Hint: We Don’t Want Your Credit Card Info
Once in a while, the web measurement and analytics industry comes under enhanced scrutiny due to one controversy or another that is tangentially related to the privacy of the average person. Then, some of these average people invariably jump to conclusions based on a snippet of regurgitated information and no research of their own. Suddenly, they’re convinced that every tracking cookie is a trap, and everyone’s out to get their precious credit card info, web surfing history, or private… err… preferences.
We’re Not Interested in Your Secrets
While web analytics is concerned with visitor data insofar as we can determine where a visitor has come from and where they have gone after visiting the website of one of our clients, we don’t really care so much about the ‘what a visitor is doing’ as the ‘why they are doing it’. In a nutshell, all we want to figure out is: Is there something we’re doing wrong to make you leave the website and visit a competitor’s?
That’s it. We don’t want your credit card info. We don’t want a visitor’s most deeply-held secrets so we can sell them to shady organizations. We just don’t.
All we want to know whether a visitor’s needs are being met by the website they’re browsing, and how their experience can be improved upon.
We Just Want You (The Visitor) to be Happy
What information do we collect, then? As stated above, we want to know what other website(s) led you to our client’s website. We want to know where you went after you left our website, just in case a competitor of our client’s has a better, flashier, better-organized, or more useful website that could give us some insight into what our client is up against. We want to know if you left because something went wrong on the website, if you didn’t find the information you expected, or if the website’s content was simply boring you to death.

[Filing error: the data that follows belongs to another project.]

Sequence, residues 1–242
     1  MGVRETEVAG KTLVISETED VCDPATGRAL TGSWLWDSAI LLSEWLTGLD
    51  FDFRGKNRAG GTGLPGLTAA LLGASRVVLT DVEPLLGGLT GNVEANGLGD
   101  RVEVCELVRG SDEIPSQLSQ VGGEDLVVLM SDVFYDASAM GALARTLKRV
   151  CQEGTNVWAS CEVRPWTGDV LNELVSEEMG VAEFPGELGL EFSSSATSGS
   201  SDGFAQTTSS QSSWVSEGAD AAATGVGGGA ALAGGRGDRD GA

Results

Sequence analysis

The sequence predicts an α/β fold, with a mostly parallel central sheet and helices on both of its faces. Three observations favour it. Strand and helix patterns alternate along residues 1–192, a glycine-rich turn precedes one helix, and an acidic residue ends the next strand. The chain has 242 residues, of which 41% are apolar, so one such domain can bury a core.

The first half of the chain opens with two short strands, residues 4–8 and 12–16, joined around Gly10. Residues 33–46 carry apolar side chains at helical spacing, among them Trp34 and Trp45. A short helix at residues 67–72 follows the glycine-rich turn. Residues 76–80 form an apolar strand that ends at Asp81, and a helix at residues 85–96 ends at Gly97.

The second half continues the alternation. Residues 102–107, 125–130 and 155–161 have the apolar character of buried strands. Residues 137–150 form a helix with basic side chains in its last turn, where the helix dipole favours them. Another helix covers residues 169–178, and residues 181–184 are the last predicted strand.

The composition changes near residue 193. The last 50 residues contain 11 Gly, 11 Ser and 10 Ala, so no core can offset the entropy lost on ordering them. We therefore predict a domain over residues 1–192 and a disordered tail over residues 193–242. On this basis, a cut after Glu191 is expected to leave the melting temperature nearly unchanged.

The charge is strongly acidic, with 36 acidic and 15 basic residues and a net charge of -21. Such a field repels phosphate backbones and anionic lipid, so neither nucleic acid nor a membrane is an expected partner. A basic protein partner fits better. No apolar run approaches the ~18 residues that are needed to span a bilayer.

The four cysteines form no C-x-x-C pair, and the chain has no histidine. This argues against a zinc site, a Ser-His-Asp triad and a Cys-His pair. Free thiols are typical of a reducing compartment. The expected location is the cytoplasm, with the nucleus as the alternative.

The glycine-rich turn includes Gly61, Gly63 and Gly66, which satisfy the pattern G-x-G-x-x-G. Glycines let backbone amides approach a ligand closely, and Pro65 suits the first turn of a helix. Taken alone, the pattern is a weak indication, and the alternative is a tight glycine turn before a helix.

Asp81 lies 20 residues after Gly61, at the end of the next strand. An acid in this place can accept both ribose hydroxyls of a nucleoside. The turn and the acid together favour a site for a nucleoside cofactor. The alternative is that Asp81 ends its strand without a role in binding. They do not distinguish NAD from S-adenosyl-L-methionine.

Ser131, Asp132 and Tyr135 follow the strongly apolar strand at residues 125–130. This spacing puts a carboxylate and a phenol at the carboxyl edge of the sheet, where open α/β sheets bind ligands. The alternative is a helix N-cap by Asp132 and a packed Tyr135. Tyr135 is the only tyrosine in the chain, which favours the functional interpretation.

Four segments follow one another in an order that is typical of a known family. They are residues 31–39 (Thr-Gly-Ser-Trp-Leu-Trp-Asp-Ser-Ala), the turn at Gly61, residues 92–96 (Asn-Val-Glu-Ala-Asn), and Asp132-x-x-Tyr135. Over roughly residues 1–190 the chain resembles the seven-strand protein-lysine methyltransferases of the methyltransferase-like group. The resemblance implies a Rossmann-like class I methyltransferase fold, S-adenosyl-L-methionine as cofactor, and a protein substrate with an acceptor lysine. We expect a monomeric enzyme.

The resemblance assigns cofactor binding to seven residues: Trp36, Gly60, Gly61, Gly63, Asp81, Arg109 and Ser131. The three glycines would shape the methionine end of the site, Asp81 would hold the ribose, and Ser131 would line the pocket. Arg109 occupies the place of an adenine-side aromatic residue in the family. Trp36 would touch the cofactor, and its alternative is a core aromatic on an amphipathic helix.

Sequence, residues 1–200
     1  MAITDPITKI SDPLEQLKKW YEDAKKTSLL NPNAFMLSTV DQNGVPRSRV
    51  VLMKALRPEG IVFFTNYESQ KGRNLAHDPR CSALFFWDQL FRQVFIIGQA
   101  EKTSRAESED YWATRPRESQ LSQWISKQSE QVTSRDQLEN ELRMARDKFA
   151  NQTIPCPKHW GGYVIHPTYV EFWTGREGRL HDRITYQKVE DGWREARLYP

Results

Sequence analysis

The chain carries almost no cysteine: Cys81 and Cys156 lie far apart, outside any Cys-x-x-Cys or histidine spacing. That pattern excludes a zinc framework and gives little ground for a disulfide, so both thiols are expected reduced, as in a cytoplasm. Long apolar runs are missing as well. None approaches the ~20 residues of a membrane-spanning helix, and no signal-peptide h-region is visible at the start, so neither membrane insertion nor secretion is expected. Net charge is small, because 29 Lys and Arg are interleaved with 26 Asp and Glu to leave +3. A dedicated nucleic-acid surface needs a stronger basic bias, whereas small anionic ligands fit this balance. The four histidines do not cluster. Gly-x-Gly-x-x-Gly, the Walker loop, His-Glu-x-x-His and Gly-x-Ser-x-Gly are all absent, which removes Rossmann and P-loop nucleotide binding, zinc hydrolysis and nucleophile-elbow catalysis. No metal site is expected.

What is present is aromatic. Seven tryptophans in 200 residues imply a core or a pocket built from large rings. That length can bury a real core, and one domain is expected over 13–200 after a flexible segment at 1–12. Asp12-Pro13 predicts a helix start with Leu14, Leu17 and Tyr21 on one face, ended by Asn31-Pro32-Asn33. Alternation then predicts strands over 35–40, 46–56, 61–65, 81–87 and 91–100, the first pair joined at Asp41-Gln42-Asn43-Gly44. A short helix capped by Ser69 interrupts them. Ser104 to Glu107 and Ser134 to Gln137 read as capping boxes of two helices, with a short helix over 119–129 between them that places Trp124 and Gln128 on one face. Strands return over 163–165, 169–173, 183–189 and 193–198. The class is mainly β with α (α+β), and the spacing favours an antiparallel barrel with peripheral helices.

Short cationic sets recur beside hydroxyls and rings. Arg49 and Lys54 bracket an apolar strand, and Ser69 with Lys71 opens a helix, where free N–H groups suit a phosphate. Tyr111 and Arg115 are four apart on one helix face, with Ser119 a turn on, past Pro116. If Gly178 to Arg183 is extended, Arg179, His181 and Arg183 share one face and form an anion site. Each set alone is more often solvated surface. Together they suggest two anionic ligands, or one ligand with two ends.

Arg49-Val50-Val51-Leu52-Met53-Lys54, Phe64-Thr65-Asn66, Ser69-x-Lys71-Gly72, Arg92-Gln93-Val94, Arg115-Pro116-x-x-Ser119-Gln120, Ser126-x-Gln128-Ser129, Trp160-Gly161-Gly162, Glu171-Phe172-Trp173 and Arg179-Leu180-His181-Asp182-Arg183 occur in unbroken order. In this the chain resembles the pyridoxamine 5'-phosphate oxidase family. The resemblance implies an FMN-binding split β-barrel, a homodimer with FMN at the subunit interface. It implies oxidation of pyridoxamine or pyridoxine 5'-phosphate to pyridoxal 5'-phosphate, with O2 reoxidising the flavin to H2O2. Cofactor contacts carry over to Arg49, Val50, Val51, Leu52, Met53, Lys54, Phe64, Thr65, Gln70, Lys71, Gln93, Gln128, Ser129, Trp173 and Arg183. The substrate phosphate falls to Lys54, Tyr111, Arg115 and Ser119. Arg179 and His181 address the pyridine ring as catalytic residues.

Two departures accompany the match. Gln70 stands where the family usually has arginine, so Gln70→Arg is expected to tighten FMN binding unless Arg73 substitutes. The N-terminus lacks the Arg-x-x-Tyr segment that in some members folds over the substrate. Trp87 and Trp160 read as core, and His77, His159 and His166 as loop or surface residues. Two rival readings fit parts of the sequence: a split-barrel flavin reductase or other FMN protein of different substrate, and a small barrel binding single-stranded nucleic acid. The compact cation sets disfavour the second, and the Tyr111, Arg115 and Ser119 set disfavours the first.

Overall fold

Sometimes, we’d like to figure out what kinds of people from what general geographical region visit a website. We want to know this because we would like to give information to our client that could help make their website more useful to particular types of visitors. Maybe a client could put region-specific information on their website, or even create a separate mini-site for a given region if the need exists.
It’s all about knowing your customers, understanding their needs, and continually improving to match their constantly changing desires.
The Technology Doesn’t Allow It
There’s one simple fact about web analytics technologies that should assuage a lot of fears about its invasive potential: cookies can only be read by the website or advertising service that created them in the first place. Period.
If you visited two sites before you came to our website, we would only be able to see the website you came from to get to ours. The first page you visited in that chain is unknown to us. We only know what page you visited immediately before our website because the server hosting our website grabs that information as part of the way it, and every other server on the Internet, works – cookies can’t even tell us this.
If you visited two sites after you came to our website, we could only see the one website you visited immediately after you left our page. If you typed the address for another site in the address bar to leave our site, we have no way to find out which site that was. The page you visit after that is, and will always be, unknown to us – unless you have come back to our site, that is.
Even the much-used and well-respected Google Analytics doesn’t track visits made more than 30 minutes apart.
Web analytics can’t be Big Brother, and we certainly don’t want it to be. Web analysts just want to make the Internet more useful for you, and help you find what you’re looking for.
PublicInsite Web Analytics Inc.
Google Analytics Certified Partner